I love homemade bread. But like you, and every other mom, dad, sister, husband, brother, uncle, grandma, etc, etc I have a busy, hectic life. Unless you remember early in the day, and assuming you are home during the day, you most likely cannot make many of the homemade bread recipes out there. Instead, many of us opt for grocery store bread or bread from the grocer’s bakery. We all know that while the grocery store does pop those loaves of Italian bread into the oven, they don’t mix up the dough there, it’s delivered to them, frozen. So who knows what preservatives might be lurking in there? Hopefully none, but one can’t be certain. :-/
Then you come across a recipe that seems too good to be true. Warm, aromatic homemade bread in an hour? Is it possible? Yes my friends, it is. :) And it’s delicious. And ridiculously easy. You are going to thank me for this. You see, I have this friend, her name is Rachael. You may already know her from her fabulous blog, La Fuji Mama. Well dear readers, that’s where this wonderful bread comes from, and you can watch… no, I highly recommend that you watch her video on making this bread, found here.
I have to tell you a few things about MY one hour bread first. This didn’t work for me right away. It took about 3 tries, but I got it, and have made it several times with dinner over the past couple of months. You see, Rachael lives in southern California, a fairly dry climate. I live in southern Wisconsin, a humid climate. We might as well be on opposite sides of the Earth as far as weather is concerned. Well, all I can fathom is that weather was a factor in the challenges I had with this bread. So here goes…
My first attempt. I followed the recipe exactly. The dough was rather sticky and shaping it into a boule (watch Rachel’s video, link above) was impossible. It just wasn’t happening. I baked the two loaves and they spread like crazy. Now it’s important to note that it still tasted fabulous! Nothing was thrown away, but as you can see, any flatter and I would have baked a frisbee.
My second attempt. Again, I followed the recipe exactly. After the first one minute of mixing, I added more flour, probably about 1/2 cup. This helped, but I still ended up with very wrinkly loaves. Not very pretty, but again, totally edible and delish! (I baked the one below in a loaf pan)
My third attempt. Finally! Success! This time instead of following everything exactly, I increased the flour by 1/2 cup, knowing that worked in attempt #2, only this time I added it from the get go, not as an after thought. The other thing I did was reduced the water by 1/4 cup. The last thing that I changed was the temperature of the water. I used very warm water, rather than hot. Those were the magical changes that made this bread work for me. Now the dough was pliable and I was able to form it into proper loaves and boules. Beautiful! (pictured at the top of this post, please ignore my stupid attempt at criss crossing the boule loaf)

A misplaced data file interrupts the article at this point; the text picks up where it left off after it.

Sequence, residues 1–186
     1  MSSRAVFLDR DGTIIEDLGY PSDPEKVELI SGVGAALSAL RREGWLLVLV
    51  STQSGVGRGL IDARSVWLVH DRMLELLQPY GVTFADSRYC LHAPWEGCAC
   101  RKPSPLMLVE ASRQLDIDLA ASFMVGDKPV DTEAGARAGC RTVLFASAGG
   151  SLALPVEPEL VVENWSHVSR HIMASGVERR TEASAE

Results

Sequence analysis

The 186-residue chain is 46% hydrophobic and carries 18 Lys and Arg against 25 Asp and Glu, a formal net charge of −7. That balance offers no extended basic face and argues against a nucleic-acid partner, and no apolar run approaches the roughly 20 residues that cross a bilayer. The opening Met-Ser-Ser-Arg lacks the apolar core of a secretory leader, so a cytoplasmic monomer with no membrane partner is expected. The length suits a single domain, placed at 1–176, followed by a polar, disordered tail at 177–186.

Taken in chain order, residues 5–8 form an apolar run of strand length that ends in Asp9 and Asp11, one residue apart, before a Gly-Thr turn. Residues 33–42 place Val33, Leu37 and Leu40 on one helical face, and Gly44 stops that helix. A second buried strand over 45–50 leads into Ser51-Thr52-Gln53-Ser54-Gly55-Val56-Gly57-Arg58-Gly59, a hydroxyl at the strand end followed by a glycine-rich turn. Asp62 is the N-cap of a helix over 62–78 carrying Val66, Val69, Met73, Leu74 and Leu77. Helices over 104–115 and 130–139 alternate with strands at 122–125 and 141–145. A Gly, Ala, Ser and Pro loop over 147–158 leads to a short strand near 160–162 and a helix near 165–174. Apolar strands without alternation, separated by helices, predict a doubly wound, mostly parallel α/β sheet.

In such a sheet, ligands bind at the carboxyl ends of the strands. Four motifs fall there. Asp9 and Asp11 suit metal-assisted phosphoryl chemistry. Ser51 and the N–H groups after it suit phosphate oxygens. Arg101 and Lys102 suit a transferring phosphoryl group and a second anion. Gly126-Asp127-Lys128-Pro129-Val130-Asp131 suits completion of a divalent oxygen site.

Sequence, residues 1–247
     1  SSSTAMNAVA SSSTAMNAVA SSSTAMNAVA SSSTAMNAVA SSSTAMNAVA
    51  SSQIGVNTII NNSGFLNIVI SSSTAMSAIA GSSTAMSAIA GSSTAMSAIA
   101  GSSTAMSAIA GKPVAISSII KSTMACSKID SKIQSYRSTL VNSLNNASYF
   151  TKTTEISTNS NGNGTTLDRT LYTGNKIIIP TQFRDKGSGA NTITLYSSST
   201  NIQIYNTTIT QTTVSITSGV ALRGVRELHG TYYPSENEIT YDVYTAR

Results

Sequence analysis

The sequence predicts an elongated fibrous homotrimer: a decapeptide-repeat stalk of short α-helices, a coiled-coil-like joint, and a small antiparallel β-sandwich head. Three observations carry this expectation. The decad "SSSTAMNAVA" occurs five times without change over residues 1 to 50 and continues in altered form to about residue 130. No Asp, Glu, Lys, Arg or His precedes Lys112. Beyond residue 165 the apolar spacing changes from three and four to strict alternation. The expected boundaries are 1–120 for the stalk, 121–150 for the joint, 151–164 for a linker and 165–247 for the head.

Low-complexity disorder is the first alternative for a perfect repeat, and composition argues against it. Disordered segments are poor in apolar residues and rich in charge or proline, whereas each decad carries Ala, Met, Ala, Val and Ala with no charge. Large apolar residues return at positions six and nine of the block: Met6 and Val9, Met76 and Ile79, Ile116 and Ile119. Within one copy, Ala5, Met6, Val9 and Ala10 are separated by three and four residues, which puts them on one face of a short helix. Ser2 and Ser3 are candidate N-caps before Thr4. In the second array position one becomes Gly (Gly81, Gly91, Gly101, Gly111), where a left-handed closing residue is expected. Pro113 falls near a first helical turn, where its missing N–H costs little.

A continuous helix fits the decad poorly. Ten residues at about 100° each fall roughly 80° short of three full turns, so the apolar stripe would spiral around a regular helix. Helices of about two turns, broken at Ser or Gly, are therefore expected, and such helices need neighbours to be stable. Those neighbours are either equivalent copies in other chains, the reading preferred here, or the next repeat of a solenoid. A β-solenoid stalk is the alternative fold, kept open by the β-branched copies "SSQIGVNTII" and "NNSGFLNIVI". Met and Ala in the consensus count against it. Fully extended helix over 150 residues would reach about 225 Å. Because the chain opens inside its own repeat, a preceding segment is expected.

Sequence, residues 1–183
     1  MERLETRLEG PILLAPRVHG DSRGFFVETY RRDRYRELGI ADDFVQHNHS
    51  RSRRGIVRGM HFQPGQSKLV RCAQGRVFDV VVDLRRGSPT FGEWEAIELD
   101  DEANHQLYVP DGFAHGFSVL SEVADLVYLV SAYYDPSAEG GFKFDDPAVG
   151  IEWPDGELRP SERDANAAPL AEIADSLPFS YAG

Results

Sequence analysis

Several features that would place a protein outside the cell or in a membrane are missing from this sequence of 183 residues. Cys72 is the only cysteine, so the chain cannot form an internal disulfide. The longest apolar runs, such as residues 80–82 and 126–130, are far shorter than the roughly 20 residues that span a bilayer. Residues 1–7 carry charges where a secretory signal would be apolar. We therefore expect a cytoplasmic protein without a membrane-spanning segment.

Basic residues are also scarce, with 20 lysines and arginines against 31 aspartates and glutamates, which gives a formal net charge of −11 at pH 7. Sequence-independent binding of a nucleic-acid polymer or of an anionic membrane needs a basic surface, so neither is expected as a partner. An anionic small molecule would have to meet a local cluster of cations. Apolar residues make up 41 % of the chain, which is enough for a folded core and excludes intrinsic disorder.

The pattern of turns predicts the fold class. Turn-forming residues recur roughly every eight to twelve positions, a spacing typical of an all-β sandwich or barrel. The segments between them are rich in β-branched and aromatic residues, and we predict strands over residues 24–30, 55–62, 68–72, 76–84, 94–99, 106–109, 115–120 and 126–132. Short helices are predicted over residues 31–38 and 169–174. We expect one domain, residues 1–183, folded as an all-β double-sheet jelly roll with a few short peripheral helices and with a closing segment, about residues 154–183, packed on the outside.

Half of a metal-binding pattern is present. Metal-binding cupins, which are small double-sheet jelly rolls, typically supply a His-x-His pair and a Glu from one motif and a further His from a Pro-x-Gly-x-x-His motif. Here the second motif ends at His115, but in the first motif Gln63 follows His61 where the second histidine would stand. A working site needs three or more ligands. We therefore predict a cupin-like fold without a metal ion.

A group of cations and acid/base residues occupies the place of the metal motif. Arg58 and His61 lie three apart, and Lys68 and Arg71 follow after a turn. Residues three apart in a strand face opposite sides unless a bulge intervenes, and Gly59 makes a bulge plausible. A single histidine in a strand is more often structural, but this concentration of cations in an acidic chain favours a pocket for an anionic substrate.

I spoke with Rachael, who by the way was very helpful in trying to troubleshoot what was happening with me. She made me feel far less pathetic than I would have felt without her kind words. ;) After I told her of my discovery with the flour and water levels, she spoke with a relative in a humid climate that had made pretty much the same adjustments I had. So there you have it. :)
So here’s my slightly adapted recipe. We’ll call it The Midwest Version. ;) Thank you Rachael, this bread is not a permanent recipe in my kitchen!
Simple One Hour Homemade Bread
adapted from La Fuji Mama
A note from Rachael: Why saf-instant yeast? Saf-instant yeast is a high-potency, fast-acting yeast that can be added directly to your dry ingredients without it having to be put in a starter first.
You can use rapid rise yeast as well, though I did go ahead and buy a bag of Saf. :)
- 5 3/4 cups white bread flour
- 3 Tbsp. sugar
- 1 1/2 tsp. salt
- 1 1/2 Tbsp. rounded saf-instant yeast
- 1 1/2 Tbsp. oil
- 1 3/4 cups VERY warm water 100-110
- Mix dry ingredients. Place in stand mixer with paddle attachment and add oil and water. Mix for 1 minute and then check the consistency of the dough. The dough should be sticky, but no so sticky that it has to be peeled from your fingers. If it is too dry, add more water.
- Mix for 5 minutes. (Do not add any more flour after the dough has finished mixing.)
- Spray kneading surface with cooking spray and turn dough out onto surface. Knead dough briefly until it has a smooth even consistency (this will only take several turns of the dough to accomplish).
- Divide dough into 2 pieces (or more if you wish to have smaller loaves) and shape loaves into desired shapes and place on greased baking sheets. Cover with a large dish towel and let rise for 25 minutes.
- While loaves are rising, preheat oven to 350 degrees Fahrenheit. When loaves are ready to go into the oven, use a sharp knife (you can lightly spray your knife with cooking spray to prevent dragging) to make several slashes in the top. Make each cut about 1/4-inch deep at a 30 degree angle. Bake loaves for 25 minutes, or until they are golden brown.